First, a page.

Sangria: One Bloody Punch!!
by Marjorie Dorfman
What exactly is sangria and why is it so named? Why are there so many different ways to make it and who were the first people to enjoy this popular drink? When did Americans discover this refreshing summer libation? The answer to these and other questions lies below. So take a sip, savor, lean back and enjoy.
The word sangria is Spanish, derived from sangre, meaning blood (sangue in Portuguese). Steeped in hundreds of years of humble Spanish tradition, this red wine punch was originally made with Rioja and other indigenous red wines, but is today often created with a claret base (a hearty French Bordeaux wine), with fruit added for extra flavor. Claret Cup Punch was a popular drink at festivities in the 1700s and 1800s (and is also mentioned in some old movies if you listen very closely).
Most Americans were introduced to this drink at the 1964 Worlds Fair where it was featured in "The Spanish World" Pavilion. The preparation and ingredients differ greatly and so does the alcoholic content. White wine can be substituted for red in which case the result is sangria blanco. In parts of southern Spain, the drink is sometimes made with peaches and nectarines and is called zurra.
Usually, fruit is cut into thin slices or small cubes and all the ingredients are mixed in advance except for ice and carbonated sodas (gaseosa), which are added as the drink is poured. It takes several hours chilled in the refrigerator for all of the fruit flavors to blend with all of the other ingredients and the more time they have to do so, the better the taste. Sangria is usually served throughout Spain during the summer and all year round in the southern and eastern parts of the country.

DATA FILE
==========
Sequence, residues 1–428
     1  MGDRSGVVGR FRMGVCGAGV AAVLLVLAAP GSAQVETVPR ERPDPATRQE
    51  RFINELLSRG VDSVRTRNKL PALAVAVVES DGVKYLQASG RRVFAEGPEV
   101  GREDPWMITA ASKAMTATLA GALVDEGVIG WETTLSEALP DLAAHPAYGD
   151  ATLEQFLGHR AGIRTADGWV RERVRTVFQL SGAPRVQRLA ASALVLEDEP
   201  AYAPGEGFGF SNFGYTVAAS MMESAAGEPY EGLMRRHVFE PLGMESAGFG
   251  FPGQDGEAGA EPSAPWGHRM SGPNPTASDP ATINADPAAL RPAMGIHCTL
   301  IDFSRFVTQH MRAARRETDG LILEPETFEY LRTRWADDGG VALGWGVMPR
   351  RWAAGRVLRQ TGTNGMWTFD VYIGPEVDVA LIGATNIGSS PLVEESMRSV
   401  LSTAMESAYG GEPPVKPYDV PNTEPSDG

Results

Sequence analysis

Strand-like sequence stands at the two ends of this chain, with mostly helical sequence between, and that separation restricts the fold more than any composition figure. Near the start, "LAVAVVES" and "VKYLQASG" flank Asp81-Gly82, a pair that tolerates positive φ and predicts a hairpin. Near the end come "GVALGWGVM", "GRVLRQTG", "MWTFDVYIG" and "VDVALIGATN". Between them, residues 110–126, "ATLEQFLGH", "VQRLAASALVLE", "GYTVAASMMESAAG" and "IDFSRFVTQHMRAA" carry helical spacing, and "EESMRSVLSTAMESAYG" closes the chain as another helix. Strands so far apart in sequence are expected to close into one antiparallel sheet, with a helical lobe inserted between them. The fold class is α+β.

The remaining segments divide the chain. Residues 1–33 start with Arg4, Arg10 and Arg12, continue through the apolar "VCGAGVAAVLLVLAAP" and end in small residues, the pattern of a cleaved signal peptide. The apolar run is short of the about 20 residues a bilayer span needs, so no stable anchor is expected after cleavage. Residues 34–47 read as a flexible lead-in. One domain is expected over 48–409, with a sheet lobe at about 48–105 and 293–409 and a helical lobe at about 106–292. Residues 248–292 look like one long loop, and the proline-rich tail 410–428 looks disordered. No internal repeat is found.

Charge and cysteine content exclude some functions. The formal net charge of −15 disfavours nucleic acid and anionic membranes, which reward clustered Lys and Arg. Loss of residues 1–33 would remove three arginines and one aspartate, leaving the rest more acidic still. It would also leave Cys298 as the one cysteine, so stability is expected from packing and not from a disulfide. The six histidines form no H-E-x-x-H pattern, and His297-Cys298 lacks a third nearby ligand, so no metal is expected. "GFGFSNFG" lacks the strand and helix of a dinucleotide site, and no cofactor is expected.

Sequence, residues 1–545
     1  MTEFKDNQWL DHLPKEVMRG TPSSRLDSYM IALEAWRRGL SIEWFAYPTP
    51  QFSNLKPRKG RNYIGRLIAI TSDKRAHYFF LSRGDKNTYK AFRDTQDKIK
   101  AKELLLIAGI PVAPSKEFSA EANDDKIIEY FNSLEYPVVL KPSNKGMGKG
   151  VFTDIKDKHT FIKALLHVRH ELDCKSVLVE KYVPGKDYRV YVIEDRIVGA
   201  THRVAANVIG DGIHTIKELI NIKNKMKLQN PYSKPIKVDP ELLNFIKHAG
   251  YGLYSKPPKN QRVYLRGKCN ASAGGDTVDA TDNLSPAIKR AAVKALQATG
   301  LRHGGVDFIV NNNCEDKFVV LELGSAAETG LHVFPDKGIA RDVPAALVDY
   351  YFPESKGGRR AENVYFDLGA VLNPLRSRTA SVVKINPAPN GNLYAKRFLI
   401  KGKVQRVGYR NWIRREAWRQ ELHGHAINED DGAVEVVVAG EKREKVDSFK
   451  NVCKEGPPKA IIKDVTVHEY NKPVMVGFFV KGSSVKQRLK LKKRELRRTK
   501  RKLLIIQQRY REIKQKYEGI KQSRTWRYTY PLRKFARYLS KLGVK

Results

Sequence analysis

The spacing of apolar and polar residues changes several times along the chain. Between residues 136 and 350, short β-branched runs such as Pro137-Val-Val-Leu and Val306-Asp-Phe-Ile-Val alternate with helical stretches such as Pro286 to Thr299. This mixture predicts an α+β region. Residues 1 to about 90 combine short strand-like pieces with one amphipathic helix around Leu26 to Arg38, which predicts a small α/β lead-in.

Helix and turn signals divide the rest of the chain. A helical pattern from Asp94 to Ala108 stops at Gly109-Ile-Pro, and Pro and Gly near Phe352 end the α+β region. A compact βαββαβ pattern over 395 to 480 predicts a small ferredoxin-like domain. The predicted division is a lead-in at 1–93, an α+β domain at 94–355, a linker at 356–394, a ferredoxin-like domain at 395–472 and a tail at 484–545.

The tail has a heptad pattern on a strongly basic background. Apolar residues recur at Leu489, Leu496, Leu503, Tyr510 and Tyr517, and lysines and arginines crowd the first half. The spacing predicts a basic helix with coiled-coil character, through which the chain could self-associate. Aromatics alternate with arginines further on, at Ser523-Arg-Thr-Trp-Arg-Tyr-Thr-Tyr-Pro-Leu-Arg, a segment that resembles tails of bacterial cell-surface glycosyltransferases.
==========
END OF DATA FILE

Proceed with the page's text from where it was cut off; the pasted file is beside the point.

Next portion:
In the United Kingdom, the attractions of Spain are often referred to as: "sun, sea, sex and sangria." The Spanish themselves usually do not order the drink from pubs and restaurants, although it is a popular selection among tourists who visit both Spain and Mexico. In such a public setting, a 1-litre pitcher large enough to hold all the ingredients with a wooden spoon to retrieve the fruit from the bottom of the bowl or container is served on a table. It is a very popular libation at informal gatherings.
It can also be bought bottled in some countries under the European Union label of "aromatized wines," but there is little fun in that. The real entertainment comes from making it yourself from scratch, using your favorite red wine and your favorite fruits and throwing them all together. Every restaurant has its own particular recipe, which is usually a blend of wine, brandy and fresh fruits served over ice.
The beauty of sangria is that it is your own creation and it can be whatever you want it to be! It is as delicious as it is easy and can be made to suit even the fussiest of palates. So what are YOU waiting for? Spring is here and summer is just around the corner. Go out and get the ingredients to make some sangria today! Ole! (That rhymes.)
Here are two special and very different sangria recipes to try.
Stacey's Sangria Recipe
1 large bottle Gallo hearty Burgundy
Red Hawaiian Punch
1 lemon, cut up
1 orange, cut up
1 small bag cinnamon red hots
1 small bottle club soda
Mix all together and refrigerate overnight. When serving, pour over ice and add fresh fruit.
Grand Marnier Sangria
1 bottle Woodbridge Cabernet
4 shots Grand Marnier
6 cherries, sliced
2 oranges, segmented
1 lemon, quartered
1 lime, quartered
Did you know . . .